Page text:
You just bought your house, and you are worried about the structure being in reasonable condition or if there are defects within the property that are causing you to have second thoughts.
We recommend a building pest inspection in Melbourne conducted by Registered Building Practitioners that will provide you with a genuine, thorough building pest inspection report that sheds light on your concerns. These defects are just some that you should look for:
Mould associated with damp building conditions can trigger congestion, respiratory infections, asthma, and allergic conditions, especially if the person subjected to this has a weakened immune condition. During property inspections in Melbourne, we can sometimes find dampness in subfloors and wet areas, especially subfloor mould, which is caused by many factors, including broken drains, the contour of land being such that its diverts water towards the house footings, and runoff from neighbouring properties, especially from there retaining walls. Regularly conducting an inspection of the subfloor can help avoid issues like this. The absence of ceiling exhaust fans causes mould during the operation of extreme condensation.
Consider investing in appropriate insulation for your walls and ceilings. This will result in saving you money as well as providing you with a pleasant and healthy environment. A well-insulated home will provide year-round comfort and help to cut cooling and heating costs. For optimal efficiency, your home should be properly insulated from the roof to the footings. Sisalation under your roof tiles or metal roof should be considered, as it can also save you from heating and cooling costs. The biggest mistake that builders and homeowners make is not providing some form of ventilation to the roof. This can result in the accumulation of smells and prevent the roof from “breathing.”
CRACKS TO WALLS:
Wall cracks are not always structural, but they can be a sign that more investigation is required with the consultation of a house inspector. House inspectors in Melbourne, during a pre-purchase building inspection, typically inspect and comment on these cracks, which are sometimes superficial and caused by settlement. A house inspector can assess the seriousness and structural implications of a wall crack by examining its location and whether it is jagged, horizontal, or vertical. Gaping cracks are a good indicator of a serious structural defect requiring immediate rectification.
AS 2870-2011 “Residential Slabs and Footings” advises that trees growing in extremely reactive soils (Class E sites) should be planted a distance equivalent to 1½ x mature height from the house. For highly reactive soils (Class H), 1 x mature height; and moderately reactive soils (Class M sites), ¾ x mature height. Two groups can roughly categorize the soils on which houses are constructed: granular and clay. Only on-site testing by a geotechnical engineer can classify soil types and this is beyond the scope of this inspection. In all cases, for the best property management, you should establish the classification of your foundation material so the correct maintenance can be applied.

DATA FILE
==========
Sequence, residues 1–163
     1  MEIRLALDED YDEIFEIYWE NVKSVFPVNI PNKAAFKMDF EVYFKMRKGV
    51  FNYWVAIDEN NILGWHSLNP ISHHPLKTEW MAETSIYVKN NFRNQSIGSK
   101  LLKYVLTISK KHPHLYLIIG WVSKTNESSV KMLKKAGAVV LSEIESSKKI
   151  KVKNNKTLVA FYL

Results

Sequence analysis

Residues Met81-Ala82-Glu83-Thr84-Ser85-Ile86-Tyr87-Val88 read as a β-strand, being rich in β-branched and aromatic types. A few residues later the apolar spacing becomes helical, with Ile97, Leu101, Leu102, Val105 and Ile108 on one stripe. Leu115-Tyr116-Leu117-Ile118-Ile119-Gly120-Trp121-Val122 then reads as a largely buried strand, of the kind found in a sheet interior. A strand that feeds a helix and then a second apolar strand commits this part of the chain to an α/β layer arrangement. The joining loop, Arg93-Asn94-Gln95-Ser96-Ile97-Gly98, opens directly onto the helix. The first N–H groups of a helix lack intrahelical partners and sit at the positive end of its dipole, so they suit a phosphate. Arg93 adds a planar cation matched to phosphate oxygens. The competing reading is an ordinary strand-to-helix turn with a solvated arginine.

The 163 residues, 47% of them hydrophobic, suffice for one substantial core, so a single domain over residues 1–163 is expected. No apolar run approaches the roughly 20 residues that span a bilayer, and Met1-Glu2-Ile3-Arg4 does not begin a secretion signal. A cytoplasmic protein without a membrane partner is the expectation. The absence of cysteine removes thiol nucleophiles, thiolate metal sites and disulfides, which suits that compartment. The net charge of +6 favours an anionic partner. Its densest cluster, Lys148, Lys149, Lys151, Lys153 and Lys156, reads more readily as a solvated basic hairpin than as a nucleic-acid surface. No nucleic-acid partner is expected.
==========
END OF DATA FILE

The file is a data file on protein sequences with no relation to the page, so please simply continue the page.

DEFECTS TO ROOF STRUCTURE
Roof defects are frequently discovered during property surveys, and they can be quite expensive to repair. Unfortunately, these problems are often left unaddressed, usually because property owners are unaware of their existence. To assist you in identifying potential issues, we have compiled a list of the most common roof defects that we come across during surveys. One of the most common problems is individual slates or tiles breaking or cracking. This can occur due to weather conditions like high winds or a storm, corrosion of the nails holding the slate in place, or the rotting of the wood to which the slates are fixed. If you notice broken tiles, you may only need to replace the individual ones that are damaged. However, this could also be a part of a larger problem that might require re-roofing.
If a valley is blocked, it can lead to water overflowing and potentially cause more issues if left unattended. However, unblocking the valley is a relatively simple task that won’t cost you too much. On the other hand, if there is a crack in the lead of the valley and water is leaking through, repairing it becomes a larger but necessary task.
What’s a MAJOR Defect?
According to the Act, a ‘major defect’ refers to a defect in a ‘major element’ of a building. This defect must be likely to cause the building to become unusable for its intended purpose, or it must pose a risk of destruction or collapse of all or part of the building. Defective design, faulty workmanship, defective materials, or a failure to comply with the National Construction Code can cause the defect. Load-bearing components such as foundations, footings, floors, walls, and beams, along with fire safety systems and waterproofing, make up a ‘major element’ of the building.
WHATS A MAJOR DEFECT
A major defect is a defect of sufficient magnitude requiring building works to avoid unsafe conditions,loss of function or further worsening of the defective item.
WHAT”S A SERVICEABLE ITEM
If the item being inspected is serviceable, it means that the building material or component is in reasonable condition for the age of the dwelling.